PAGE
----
Zero tolerance (trade)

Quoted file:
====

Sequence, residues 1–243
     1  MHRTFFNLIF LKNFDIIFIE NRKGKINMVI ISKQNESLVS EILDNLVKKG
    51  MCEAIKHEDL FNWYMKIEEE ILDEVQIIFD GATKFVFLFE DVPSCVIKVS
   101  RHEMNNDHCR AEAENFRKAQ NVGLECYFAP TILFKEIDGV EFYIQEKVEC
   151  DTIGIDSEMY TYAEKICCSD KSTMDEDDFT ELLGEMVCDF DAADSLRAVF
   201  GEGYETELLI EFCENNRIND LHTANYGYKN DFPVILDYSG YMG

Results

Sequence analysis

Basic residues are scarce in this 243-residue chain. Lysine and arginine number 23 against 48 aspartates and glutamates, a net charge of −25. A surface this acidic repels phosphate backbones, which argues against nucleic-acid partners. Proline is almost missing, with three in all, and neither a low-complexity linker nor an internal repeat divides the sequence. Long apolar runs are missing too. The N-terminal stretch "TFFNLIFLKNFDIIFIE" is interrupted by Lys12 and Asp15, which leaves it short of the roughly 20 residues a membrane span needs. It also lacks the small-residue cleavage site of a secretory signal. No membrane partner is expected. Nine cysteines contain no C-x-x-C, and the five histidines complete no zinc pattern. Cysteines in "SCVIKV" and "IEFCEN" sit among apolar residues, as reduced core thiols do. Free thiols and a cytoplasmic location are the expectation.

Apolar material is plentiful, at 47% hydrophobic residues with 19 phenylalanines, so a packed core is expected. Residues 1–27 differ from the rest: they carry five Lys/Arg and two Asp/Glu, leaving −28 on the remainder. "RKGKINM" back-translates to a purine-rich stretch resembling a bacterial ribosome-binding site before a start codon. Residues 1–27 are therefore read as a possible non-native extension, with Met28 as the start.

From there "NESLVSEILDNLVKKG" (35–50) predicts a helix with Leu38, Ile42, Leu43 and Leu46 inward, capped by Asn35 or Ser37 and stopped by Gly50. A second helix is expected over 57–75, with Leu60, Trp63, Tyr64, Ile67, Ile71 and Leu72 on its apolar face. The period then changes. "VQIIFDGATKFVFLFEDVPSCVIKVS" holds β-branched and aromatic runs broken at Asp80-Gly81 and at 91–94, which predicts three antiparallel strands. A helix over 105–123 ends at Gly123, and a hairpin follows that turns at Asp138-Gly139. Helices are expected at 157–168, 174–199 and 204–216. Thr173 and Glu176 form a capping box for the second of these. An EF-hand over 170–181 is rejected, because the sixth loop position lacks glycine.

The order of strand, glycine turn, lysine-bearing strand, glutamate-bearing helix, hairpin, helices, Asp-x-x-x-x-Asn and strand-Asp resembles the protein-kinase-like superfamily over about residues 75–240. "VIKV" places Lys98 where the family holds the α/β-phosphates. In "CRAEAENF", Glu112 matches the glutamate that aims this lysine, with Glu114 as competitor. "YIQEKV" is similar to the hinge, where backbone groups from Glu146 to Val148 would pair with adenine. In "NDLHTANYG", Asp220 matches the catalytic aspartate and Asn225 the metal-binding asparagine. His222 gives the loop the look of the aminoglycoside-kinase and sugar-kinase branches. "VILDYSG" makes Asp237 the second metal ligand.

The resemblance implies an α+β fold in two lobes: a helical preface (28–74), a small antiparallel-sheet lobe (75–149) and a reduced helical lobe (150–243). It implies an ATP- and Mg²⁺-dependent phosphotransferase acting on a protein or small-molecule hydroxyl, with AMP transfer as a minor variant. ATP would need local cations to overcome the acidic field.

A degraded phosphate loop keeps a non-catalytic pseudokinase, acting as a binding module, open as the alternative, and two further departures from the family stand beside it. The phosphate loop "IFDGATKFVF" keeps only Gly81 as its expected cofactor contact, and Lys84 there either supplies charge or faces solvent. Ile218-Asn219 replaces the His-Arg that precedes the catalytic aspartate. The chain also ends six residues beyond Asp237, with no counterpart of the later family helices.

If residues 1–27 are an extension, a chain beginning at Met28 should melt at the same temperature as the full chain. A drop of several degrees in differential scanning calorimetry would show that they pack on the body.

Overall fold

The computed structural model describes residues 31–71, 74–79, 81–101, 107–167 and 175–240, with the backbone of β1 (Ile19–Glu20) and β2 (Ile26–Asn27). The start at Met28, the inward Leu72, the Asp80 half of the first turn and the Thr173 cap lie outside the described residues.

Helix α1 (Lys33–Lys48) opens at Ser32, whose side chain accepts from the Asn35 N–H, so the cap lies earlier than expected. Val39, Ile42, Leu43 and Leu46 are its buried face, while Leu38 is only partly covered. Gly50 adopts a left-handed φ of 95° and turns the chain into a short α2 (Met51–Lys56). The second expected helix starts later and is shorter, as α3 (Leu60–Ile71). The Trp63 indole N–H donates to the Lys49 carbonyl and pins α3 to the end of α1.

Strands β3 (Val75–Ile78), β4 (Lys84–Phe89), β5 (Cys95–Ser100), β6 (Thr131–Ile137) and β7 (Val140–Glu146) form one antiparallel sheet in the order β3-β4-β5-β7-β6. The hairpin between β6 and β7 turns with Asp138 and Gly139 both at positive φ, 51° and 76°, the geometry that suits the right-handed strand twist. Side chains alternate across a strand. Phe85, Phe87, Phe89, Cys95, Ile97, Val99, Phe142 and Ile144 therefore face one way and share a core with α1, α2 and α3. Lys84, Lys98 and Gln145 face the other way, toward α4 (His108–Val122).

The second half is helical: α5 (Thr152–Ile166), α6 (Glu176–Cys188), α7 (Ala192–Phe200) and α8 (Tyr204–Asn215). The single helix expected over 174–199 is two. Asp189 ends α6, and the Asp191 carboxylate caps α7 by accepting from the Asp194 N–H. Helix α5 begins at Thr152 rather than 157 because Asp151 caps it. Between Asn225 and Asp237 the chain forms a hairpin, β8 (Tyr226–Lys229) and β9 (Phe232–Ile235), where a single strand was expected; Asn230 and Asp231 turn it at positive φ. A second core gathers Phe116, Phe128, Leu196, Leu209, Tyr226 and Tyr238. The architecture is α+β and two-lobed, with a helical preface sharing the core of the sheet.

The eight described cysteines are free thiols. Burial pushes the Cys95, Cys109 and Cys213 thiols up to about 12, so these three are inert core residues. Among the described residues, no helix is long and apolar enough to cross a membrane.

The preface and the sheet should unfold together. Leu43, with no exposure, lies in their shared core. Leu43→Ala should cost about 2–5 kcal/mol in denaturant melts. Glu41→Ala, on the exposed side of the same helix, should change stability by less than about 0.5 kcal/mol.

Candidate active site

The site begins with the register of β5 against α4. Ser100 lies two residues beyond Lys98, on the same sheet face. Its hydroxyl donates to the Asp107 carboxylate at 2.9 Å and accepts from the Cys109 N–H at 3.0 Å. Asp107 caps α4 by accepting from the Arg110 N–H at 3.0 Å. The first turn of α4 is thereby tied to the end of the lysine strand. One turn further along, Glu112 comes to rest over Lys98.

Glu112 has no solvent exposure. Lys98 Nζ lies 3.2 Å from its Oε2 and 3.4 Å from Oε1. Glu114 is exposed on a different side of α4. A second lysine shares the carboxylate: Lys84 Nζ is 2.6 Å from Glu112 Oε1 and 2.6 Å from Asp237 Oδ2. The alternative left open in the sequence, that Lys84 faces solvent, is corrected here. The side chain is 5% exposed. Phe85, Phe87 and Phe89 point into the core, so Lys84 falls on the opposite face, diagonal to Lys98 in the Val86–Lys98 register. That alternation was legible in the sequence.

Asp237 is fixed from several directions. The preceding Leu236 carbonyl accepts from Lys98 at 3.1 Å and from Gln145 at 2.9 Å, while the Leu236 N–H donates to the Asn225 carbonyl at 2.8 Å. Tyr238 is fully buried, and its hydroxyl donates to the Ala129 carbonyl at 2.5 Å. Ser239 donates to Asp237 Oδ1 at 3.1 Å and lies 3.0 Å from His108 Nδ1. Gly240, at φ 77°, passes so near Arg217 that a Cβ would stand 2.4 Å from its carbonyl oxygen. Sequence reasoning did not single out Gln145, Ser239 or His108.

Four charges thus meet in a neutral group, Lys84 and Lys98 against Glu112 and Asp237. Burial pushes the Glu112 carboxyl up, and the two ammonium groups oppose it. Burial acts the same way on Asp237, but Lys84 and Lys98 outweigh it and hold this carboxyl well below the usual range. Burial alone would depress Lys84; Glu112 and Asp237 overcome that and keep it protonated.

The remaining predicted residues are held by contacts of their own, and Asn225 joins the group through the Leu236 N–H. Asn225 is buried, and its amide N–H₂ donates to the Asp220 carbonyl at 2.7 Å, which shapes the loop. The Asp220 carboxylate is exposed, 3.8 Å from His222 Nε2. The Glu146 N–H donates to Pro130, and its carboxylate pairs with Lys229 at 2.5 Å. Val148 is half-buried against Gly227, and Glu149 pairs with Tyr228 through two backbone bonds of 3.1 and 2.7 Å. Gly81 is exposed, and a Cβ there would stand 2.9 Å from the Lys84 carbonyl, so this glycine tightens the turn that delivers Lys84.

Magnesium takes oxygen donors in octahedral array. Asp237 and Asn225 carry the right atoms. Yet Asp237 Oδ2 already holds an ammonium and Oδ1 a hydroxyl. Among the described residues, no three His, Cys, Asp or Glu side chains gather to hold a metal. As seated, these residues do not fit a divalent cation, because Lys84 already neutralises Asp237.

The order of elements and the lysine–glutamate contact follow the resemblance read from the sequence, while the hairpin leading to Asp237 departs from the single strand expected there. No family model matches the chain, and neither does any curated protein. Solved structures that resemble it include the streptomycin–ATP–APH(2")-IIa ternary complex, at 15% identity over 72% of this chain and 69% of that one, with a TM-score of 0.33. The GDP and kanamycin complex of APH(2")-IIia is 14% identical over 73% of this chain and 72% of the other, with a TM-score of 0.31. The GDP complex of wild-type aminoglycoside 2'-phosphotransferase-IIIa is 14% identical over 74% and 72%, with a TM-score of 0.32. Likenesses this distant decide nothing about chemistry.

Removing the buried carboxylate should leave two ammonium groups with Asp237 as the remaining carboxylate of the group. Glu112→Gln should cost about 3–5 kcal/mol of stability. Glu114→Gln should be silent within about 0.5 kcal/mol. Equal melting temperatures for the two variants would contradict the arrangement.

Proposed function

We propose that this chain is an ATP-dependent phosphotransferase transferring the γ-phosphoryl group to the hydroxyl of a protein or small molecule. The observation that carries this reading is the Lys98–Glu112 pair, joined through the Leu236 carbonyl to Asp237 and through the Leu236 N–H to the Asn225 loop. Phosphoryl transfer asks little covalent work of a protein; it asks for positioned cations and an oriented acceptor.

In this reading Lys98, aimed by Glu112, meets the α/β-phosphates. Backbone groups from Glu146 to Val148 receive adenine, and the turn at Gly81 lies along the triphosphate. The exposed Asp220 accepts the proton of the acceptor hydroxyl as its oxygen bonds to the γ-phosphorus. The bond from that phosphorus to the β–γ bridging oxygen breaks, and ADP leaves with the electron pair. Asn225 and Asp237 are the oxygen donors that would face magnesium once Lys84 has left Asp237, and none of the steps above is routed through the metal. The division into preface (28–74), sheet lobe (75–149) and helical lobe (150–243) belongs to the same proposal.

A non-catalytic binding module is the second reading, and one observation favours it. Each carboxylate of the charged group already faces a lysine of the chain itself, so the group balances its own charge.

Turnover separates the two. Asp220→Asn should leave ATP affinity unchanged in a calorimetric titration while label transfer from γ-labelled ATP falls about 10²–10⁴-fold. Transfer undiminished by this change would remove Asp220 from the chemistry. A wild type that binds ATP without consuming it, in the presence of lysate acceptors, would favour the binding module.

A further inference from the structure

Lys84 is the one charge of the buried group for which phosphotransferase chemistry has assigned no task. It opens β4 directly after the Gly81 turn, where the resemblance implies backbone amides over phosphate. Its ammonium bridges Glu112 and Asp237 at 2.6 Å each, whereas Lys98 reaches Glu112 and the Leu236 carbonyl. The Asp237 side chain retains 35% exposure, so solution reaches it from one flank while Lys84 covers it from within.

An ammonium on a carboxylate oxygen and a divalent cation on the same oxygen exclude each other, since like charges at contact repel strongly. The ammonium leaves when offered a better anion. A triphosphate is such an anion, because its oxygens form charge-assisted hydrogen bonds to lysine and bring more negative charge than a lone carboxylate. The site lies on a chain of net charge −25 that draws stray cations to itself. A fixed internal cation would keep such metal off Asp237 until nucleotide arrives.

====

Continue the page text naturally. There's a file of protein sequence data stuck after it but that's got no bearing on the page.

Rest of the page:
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In food safety policy, a zero tolerance standard generally means that if a potentially dangerous substance (whether microbiological, chemical, or other) is present in or on a product, that product will be considered adulterated and unfit for human consumption. In the United States meat and poultry inspection program, “zero tolerance” usually refers to USDA’s rule that permits no visible signs of fecal contamination (feces) on meat and poultry carcasses. USDA requires that any time such fecal contamination is detected, it must be removed from the carcass. At issue is how this rule has been applied and enforced by USDA in meat and poultry plants. For a number of years, poultry producers have been permitted to either rinse (wash) off or cut (trim) away such contamination, but beef producers have only been permitted to (trim) it with a knife—which they argue costs them money in lost product weight and imposes a requirement that poultry producers do not have to meet. The policy jargon for this debate is “wash versus trim.” USDA early in 1997 clarified its zero tolerance rule for poultry; a year earlier it gave beef plants permission to use a new high-temperature vacuuming method to remove fecal contamination in lieu of cutting it off.

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